Today's Liberal News

Yasmeen Serhan

The New Pandemic Division Tearing Europe Apart

For a while, during the worst of the pandemic last year, European governments largely seemed to reach a consensus. Barring a few exceptions (such as Sweden), countries in the region locked down their economies, keeping people at home in a bid to slow the pace of infection. In time, bolstered by plentiful vaccines, the continent has seen a resumption of near-normalcy: Public-health restrictions have loosened, and travel has restarted.

The Taliban Is Just as Bad as It Always Was

From the moment when scores of Afghans were filmed clinging to an American aircraft in a desperate bid to escape Taliban rule to the day of the departure of the last American soldier, international attention was trained almost exclusively on Afghanistan—until it wasn’t. By mid-September, just weeks after the Taliban took control of Kabul, the sense of crisis that had galvanized the world’s focus began to wane. Today, Afghanistan has all but disappeared from daily headlines.

How Clinton’s ‘Basket of Deplorables’ Taught Germany a Lesson

In the final days of Germany’s election campaign, the center-left Social Democrats appeared to focus their final message to voters on one idea: respect. The message was plastered across the country on vibrant red posters and featured in the closing campaign speech of the party’s candidate for chancellor, Olaf Scholz, who pledged that a Germany under his leadership would recognize the contributions of everyone in society, regardless of their professional or social merit.

What Germany’s Far Right Has Taught Us

When Germany heads to the polls this weekend, the far-right Alternative for Germany will again be on the ballot, once a fringe presence that has become the largest—and most loathed—opposition party in the Bundestag. It has stood at the center of scandal after scandal, yet unlike other far-right parties across Europe, its experience in mainstream politics hasn’t had a moderating effect on its outlook. The AfD of 2021 is more established, but also more radical.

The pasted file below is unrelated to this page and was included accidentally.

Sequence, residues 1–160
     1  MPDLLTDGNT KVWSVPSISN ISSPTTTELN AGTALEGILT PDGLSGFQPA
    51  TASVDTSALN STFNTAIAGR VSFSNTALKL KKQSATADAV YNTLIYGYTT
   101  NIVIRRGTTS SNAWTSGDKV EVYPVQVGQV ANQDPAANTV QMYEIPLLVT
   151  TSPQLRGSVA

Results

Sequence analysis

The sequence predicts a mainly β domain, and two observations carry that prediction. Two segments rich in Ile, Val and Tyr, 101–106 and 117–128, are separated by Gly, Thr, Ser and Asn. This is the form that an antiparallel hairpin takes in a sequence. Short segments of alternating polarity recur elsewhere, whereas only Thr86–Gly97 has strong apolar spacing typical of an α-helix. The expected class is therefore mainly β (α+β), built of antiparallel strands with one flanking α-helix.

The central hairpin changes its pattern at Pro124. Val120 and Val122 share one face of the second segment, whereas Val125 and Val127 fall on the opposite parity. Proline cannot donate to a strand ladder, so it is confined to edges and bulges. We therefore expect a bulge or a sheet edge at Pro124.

When the Far Right Picks Fights With a Teen

The next front in the culture wars is climate change, and the battle lines have already been drawn. On one side are the climate skeptics—those who see global warming as nothing more than unusual weather, and argue that government interventions and regulations to curb greenhouse-gas emissions are alarmist or “eco-fascist.”On the other side is Greta Thunberg.This, at least, is what the populist right’s next political battleground looks like online.

The Far-Right View on Climate Politics

Perhaps the 234 scientists behind this week’s landmark climate assessment had hoped that their report—published during a summer of deadly flooding, wildfires, and heat waves—would act as a wake-up call, one that would unite the world’s governments and parties.But political consensus on the issue of climate change, much like the goal of limiting global warming to 1.

The Olympics Have Lost Their Appeal

When Tokyo bids farewell to the Olympics this weekend, few people there will be sad to see it go. The Japanese public overwhelmingly opposed hosting the postponed Summer Games, fearing that it could exacerbate the country’s COVID-19 outbreak. In the final week of the competition, Japan broke a record no one wanted, reporting more than 14,000 cases a day—its highest since the pandemic began.

How Much Longer Can the Olympics Survive?

When Tokyo bids farewell to the Olympics this weekend, few people there will be sad to see it go. The Japanese public overwhelmingly opposed hosting the postponed Summer Games, fearing that it could exacerbate the country’s COVID-19 outbreak. In the final week of the competition, Japan broke a record no one wanted, reporting more than 14,000 cases a day—its highest since the pandemic began.

The West Is Failing Belarus